I have many happy memories of Saratoga Springs during that time, and one is of an exceptional sandwich we used to get on Beekman Street, the Scudders Sandwich from the Scuderi family deli. Marino's (of great pizza fame) eventually took over the business and continues to make the Scudders sandwich (you have to ask for it), though they've moved from the Beekman Street location to West Circular Street. Every once in a while, I just have to have that sandwich again. Nothing else quite matches it.

The Scudders sandwich was made on a split loaf of Italian bread. Half a sandwich was plenty for two people, though I knew some hearty souls that could eat the whole thing. That means they could eat a whole loaf of Italian bread plus all the meat, cheese, lettuce, and tomato within. Here is what I remember my Scudders sandwich was made of:

Italian Bread, split
shredded lettuce
paper-thin slices of tomato
very thin slices ham
cappicola (that delicious hot ham)
american cheese (the real stuff, not processed)

They'd slather both sides of the bread with a lot of mayo, layer the lettuce, tomato, meats and cheeses, and wrap the whole thing up. My mouth waters just thinking about it. It's not so figure friendly, but it just might be worth being the only thing you eat that day -- it's that good!

Photo credit:

Wednesday, January 6, 2010

A Winter Birthday and Sweet-and-Sour Chicken

With my daughter Katie's birthday today, our season of winter celebration comes to a close. It's always a very busy December and January for my family. It starts, for us, with Meghan's birthday on December 20, followed by Christmas, then my son-in-law Bill's birthday on December 26. My oldest son Jeffrey's birthday is January 3, and Katie's birthday is today. In between all that are important days for extended family and friends--anniversaries and birthdays in these two months are abundant. Friends Tina and Kristin's birthdays were yesterday. My father's birthday was January 17, and my parents' anniversary was January 8. My grandmother's birthday was January 13. I have two nephews with end-of-January birthdays, and every year there are more names added to the calendar.

With all of this going on, it's important to make my kids' birthdays (though they are grown) special. For Jeffrey's birthday on Sunday, I made a very chocolate cake with buttercream frosting. It followed a dinner of spaghetti and meatballs, italian bread, a salad of spring greens with walnuts, blue cheese, and craisins.

For Katie's birthday tonight, I'm making sweet and sour chicken with green peppers and pineapple, to be served with basmati rice and oriental vegetables. My ex-husband's wife is a vegetarian, so I'm making her sweet and sour tofu. It's a first attempt and I hope it comes out well. The salad will be romaine with mandarin oranges, crispy Chinese noodles, shredded carrots, and a ginger vinaigrette. I baked her cake last night and frosted it this morning before work. It's a lemon layer cake with cream cheese frosting. There are fortune cookies to finish everything off.

My recipe for sweet and sour chicken comes from my neice, Lousie Eddy, who used to make it as a kid and that's when I fell in love with it. She told me she got the recipe from an old Betty Crocker cookbook and made some adaptions. I make it from memory and it always comes out great.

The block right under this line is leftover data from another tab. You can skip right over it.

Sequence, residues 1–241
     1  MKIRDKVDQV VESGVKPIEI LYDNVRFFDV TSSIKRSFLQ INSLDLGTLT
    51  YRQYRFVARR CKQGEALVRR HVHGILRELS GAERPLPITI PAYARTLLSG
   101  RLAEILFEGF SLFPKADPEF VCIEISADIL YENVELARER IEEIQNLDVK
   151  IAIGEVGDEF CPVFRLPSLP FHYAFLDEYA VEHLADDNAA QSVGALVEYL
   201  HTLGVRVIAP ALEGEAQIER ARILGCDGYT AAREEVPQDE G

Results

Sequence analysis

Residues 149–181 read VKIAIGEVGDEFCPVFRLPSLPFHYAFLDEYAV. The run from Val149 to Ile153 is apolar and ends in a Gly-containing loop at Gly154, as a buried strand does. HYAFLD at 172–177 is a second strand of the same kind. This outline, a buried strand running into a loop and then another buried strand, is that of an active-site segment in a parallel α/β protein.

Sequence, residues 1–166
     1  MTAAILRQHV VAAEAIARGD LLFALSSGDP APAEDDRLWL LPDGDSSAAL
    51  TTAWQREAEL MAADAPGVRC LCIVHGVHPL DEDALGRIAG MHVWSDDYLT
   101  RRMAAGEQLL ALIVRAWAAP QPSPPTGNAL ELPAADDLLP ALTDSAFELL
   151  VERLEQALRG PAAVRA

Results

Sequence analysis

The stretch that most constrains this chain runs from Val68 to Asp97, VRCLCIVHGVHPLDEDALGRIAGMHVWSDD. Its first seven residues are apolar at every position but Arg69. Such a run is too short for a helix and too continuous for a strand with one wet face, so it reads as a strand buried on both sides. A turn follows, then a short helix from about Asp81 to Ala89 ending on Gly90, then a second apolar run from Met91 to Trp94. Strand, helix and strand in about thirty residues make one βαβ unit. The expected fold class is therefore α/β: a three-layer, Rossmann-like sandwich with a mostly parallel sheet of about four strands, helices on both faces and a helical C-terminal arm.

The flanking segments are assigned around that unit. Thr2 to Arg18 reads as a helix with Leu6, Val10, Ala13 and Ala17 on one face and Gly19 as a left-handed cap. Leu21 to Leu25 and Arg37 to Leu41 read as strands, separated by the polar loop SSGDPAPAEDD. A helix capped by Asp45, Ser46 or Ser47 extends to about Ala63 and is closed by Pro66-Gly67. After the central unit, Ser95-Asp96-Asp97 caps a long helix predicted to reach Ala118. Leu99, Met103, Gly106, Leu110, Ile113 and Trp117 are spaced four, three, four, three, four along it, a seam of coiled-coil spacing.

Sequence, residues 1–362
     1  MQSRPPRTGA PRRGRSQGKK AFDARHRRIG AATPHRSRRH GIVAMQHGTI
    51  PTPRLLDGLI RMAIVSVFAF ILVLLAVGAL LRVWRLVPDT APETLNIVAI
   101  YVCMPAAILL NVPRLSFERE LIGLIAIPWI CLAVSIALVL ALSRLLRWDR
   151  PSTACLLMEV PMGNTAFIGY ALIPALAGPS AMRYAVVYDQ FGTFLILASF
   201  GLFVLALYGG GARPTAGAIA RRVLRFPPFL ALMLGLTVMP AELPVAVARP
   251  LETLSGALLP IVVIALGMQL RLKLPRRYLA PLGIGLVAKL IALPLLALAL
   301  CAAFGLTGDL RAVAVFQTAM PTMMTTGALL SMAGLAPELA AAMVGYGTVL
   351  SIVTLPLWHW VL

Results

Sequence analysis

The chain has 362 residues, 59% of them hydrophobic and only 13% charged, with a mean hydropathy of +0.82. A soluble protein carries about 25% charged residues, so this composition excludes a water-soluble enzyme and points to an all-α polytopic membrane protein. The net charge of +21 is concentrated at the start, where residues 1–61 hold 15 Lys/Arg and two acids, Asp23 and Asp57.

Sweet and Sour Chicken


4 chicken breast halves, pounded lightly

1 cup flour for dredging

1/4 cup vegetable or canola oil

1 cup granulated sugar

1/4 cup vinegar (apple cider or white)

1/4 cup ketchup

1/4 cup orange juice

1 tablespoon soy sauce

1 can pineapple chunks, drained

1 large green pepper, cut in chunks

Make sauce:
Combine sugar, vinegar, ketchup, juice, and soy sauce in medium sauce pan. Bring to a boil. Reduce heat and simmer for five minutes. Remove from heat.

Prepare chicken:
Place flour on plate. Wash and pat dry chicken. Pound it a bit in a large zip bag using a rolling pin or mallet, just enough to tenderize and to get it to uniform thickness. Cut each piece in half if you prefer smaller pieces. Dredge pounded chicken in flour, both sides. Place in hot oil in large skillet and brown lightly on both sides. Remove to plate while other pieces of chicken are browned. You don't need to cook it all the way through - that happens later in the oven.

Spray rectangular baking dish with oil spray. Place browned chicken pieces in pan. Arrange pineapple and green pepper chunks over and around chicken. Pour sweet and sour sauce over all. Bake at 375 degrees F for 40 minutes or until green pepper just starts to curl and brown around edges. Remove from oven and let sit for a few minutes. Serve with rice and vegetables. Make sure to spoon extra sauce over everything!

Photo credit:

Tuesday, January 5, 2010

Individual Chicken Pot Pies

There's nothing quite like a chicken pot pie when it comes to warm comfort on a cold night. This recipe from the Food Network and Ellie Krieger might just chase the January chill away. It's Ellie's "You and Me Chicken Pot Pies" and is much healthier (as are all of Ellie's recipes) than the standard version. This pot pie has many positive reviews though I've suggested some changes, prompted by FN readers: reduce the thyme by half and feel free to use onions rather than leeks if more convenient. Other reviewers suggested replacing the phyllo dough with pie crust. Some insist on fresh veggies, though frozen peas work well. The nice thing about a pot pie is its versatility. Use what you have.
The general premise is that a concoction of meat and vegetables cooked under a blanket of dough is good stuff. Go ahead and switch things up to suit yourself. Then dig in to a warm and bubbly pot of steamy goodness.